Last prisoner story goes on
International youth exchange
Konstantinovka, Ukraine, 15-30 of September 2012
Call for participants
World war 2 and its impact on Europe and the world is still felt and significant – from research on Nazi crimes, Holocaust and trials on still alive guards of concentration camps, till situation with fascism and growing racism all over Europe. For young generation, the history of what was happening more than 65 years ago may be far away, but it is still closely connected on personal level – to grandparents. It is also strongly affecting our national and cultural identity, how we see and perceive this history and other countries involved, including prejudices and stereotypes. Also it has a lot of unknown stories and moments behind, which become public often because of some accident, as the stories which provided background for the proposed youth exchange.
Konstantinovka is a small town in south-east of Ukraine, Donetsk region. According to official data, there are 123 elderly people in town, who survived concentration camps. Most of them live in poor conditions, need support and lack social contacts. Other problem is, that young people nowadays know little about the horrors of WW2, and what was happening in concentration camps. The memories and stories of people disappear with them, and if nothing is undertaken, soon nobody would be able to tell about the horrors of that time. Another remarkable thing is, that 3 diaries of survivals of concentration camps were discovered in Konstantinovka, which are very little known in town, as well as in Ukraine and abroad.
Diary 1 – Andrey Otchenashenko (in Russian), original is in the museum of Konstantinovka, online version at http://www.konstantinovka.com.ua/node/10821
In 1942, when he was 17 years old, he was captured at the market and taken to Germany, where he survived Sachsenhausen and Natzweiler, other camps an prisons. After being freed by the Soviet army, he was arrested by KGB, sentenced and sent to work in Uranium mines in Asian Soviet republics. He was called by his family back to Konstantinovka with falsed telegram about his mother’s death, arrested again and by miracle not accused of spying again. He died in 2007, the diary was discovered in the mansion of his house, by people who bought it.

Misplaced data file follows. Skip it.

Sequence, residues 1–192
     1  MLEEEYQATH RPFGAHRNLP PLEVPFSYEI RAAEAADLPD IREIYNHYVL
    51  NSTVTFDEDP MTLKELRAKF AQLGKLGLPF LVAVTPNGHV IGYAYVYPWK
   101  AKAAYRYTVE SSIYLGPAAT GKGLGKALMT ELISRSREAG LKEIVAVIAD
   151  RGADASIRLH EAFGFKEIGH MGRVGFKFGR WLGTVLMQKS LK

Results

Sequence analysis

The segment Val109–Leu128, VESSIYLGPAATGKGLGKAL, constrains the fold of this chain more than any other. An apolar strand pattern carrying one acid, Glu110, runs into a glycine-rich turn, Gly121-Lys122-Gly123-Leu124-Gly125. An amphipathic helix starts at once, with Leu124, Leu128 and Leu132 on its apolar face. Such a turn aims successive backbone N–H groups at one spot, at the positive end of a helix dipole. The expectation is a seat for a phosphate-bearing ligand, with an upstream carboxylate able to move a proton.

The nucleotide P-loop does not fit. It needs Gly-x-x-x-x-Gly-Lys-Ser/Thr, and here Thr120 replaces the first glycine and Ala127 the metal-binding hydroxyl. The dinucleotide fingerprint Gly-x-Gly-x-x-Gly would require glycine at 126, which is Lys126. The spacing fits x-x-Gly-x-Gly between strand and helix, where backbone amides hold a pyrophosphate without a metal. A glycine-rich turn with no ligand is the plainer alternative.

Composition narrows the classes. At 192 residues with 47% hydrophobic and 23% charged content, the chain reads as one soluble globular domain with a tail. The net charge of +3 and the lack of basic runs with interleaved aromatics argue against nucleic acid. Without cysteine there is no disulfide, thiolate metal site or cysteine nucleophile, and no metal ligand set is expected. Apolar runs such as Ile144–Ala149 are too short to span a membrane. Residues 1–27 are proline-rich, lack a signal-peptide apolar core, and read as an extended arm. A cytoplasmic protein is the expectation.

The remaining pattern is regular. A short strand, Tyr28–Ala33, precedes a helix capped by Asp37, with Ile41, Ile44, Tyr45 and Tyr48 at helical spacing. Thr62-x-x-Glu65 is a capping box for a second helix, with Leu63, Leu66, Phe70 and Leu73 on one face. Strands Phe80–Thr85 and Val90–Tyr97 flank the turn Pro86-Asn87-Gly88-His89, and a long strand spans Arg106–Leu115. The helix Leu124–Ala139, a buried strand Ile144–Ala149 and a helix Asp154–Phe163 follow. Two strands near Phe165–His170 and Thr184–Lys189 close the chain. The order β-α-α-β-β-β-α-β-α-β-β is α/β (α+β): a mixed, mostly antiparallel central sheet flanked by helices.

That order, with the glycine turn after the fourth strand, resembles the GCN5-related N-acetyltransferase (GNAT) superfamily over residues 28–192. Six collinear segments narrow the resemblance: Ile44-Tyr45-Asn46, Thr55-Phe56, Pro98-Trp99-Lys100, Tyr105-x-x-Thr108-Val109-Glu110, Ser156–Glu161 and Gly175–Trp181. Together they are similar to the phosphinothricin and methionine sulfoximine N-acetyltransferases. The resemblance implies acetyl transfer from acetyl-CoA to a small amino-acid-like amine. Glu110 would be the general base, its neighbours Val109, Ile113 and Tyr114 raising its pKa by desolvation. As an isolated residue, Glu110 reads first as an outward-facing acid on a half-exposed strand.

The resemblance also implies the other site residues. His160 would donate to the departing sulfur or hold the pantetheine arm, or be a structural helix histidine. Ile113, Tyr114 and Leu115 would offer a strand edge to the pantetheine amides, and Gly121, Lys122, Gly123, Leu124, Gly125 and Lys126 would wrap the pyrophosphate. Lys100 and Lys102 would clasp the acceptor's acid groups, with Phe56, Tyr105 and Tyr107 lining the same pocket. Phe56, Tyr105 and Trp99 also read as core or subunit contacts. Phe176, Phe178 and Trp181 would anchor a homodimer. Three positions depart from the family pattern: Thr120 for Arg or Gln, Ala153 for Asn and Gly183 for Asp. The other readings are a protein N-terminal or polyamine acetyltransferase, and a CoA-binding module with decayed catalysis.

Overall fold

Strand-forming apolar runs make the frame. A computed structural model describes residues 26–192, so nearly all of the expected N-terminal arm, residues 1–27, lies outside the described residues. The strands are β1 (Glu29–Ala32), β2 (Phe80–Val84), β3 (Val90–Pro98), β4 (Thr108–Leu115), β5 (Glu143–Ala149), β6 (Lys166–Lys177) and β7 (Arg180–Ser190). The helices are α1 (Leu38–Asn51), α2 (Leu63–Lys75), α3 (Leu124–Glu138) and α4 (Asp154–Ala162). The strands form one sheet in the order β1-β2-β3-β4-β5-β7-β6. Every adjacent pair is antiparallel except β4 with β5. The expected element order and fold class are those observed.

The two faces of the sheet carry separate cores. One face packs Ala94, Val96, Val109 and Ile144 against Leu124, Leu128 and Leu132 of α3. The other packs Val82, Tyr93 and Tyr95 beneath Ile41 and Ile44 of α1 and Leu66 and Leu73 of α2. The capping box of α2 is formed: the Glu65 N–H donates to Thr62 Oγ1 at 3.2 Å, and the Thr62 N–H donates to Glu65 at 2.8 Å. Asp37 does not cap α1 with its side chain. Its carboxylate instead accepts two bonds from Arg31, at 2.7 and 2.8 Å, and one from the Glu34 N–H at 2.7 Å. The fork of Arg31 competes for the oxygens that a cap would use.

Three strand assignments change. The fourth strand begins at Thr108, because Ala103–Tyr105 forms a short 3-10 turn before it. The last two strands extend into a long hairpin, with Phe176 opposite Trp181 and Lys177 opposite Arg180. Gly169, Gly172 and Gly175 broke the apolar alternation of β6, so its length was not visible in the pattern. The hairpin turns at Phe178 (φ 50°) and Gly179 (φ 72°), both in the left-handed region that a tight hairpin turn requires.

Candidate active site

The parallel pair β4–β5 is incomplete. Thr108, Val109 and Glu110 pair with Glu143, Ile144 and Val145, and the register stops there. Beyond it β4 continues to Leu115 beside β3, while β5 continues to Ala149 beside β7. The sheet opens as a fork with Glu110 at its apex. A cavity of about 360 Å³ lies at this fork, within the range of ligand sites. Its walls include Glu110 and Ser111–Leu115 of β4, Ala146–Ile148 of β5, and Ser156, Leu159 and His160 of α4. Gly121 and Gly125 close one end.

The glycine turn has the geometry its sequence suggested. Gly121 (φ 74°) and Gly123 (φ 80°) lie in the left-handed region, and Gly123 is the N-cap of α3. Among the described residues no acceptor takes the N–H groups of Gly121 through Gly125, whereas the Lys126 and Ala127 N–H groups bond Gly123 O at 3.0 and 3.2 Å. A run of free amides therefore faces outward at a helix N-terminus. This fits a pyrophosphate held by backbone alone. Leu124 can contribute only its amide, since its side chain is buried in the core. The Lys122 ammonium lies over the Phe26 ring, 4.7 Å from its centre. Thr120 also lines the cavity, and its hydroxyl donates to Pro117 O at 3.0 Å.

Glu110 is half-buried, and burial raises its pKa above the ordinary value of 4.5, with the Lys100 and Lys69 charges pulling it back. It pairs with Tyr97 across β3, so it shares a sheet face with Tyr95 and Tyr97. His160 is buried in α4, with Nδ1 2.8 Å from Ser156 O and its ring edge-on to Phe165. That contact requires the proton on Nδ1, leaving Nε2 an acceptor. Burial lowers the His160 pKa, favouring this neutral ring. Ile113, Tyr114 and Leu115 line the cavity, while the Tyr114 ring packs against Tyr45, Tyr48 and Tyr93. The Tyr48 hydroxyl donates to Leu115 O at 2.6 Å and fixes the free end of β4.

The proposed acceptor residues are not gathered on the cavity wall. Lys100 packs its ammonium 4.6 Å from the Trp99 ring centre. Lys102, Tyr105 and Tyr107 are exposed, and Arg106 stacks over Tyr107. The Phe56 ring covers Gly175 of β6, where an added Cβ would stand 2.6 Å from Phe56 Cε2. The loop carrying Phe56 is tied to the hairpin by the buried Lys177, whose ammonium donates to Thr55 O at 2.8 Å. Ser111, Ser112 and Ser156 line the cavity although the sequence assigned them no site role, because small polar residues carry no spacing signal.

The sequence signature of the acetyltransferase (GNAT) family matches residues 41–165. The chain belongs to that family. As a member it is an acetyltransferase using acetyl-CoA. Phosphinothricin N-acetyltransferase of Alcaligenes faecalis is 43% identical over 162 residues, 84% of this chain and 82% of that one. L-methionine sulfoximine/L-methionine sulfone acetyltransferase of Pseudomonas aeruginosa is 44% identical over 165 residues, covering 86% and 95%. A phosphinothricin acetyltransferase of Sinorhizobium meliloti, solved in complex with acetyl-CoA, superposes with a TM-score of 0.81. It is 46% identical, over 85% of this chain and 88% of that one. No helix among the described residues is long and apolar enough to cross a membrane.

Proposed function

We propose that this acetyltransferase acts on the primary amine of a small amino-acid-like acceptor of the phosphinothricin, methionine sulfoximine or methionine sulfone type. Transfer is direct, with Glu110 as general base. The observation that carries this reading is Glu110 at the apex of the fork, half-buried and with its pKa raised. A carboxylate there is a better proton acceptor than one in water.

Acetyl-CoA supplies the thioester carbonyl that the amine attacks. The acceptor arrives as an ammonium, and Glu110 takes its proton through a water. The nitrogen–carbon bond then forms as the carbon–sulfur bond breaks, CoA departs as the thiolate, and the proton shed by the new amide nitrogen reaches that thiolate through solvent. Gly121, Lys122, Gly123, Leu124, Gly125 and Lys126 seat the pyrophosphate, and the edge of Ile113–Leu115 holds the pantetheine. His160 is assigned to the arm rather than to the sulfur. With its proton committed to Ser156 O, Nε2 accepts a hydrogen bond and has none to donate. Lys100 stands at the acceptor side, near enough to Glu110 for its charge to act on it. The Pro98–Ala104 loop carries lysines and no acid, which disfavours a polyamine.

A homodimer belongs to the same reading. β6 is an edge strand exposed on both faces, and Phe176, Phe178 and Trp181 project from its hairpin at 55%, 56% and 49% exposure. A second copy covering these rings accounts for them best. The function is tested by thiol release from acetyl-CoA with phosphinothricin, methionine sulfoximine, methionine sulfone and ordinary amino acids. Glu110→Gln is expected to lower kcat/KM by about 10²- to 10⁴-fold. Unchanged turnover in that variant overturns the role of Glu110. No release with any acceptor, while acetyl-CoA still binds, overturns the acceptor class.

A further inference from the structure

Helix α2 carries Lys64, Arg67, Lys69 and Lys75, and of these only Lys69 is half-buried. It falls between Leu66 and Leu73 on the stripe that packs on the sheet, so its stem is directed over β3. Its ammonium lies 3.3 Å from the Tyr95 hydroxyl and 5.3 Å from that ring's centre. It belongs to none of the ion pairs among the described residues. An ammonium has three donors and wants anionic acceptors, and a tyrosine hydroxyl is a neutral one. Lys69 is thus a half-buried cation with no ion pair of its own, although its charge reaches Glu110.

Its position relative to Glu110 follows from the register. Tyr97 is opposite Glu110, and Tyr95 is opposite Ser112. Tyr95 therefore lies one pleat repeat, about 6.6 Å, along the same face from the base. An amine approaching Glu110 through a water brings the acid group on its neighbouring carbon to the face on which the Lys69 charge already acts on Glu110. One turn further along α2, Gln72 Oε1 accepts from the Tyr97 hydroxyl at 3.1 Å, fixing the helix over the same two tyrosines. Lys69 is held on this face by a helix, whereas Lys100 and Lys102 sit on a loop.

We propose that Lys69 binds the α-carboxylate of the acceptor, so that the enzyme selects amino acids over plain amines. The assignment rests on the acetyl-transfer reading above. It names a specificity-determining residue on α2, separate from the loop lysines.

Diary 2 - Nonna Bannister – diary in English, http://www.secretholocaustdiaries.com/
In 1942, being 15 years old, together with her mother she was taken from Konstantinovka to Germany, where both survived all horrors of Holocaust, mother ended up in concentration camp – Nonna was sure she was murdered by Nazis. In the camp she got sick and survived because of church hospital, where she worked after recovering from sickness. In 1949 she left for the US, where she was happily married, gave birth and raised 3 children. She got sick and died in 2004. At the end of her life she wrote down memories with title “Secret Holocaust diaries”, and her son runs blog with the same title on her memory.
Diary 3 - Gerhard Servatius – diary in German, original is kept in the museum of Konstantinovka, Russian translation is at http://konstantinovka.com.ua/node/10459
With 17 years he was taken from German settlements in Romania. Lived in camp in Konstantinovka from 1945 till 1948, and worked on reconstruction of industry. He witnessed numerous deaths and tortures. There is a cemetery in Konstantinovka, last place of about 300 such “Westarbeiters”.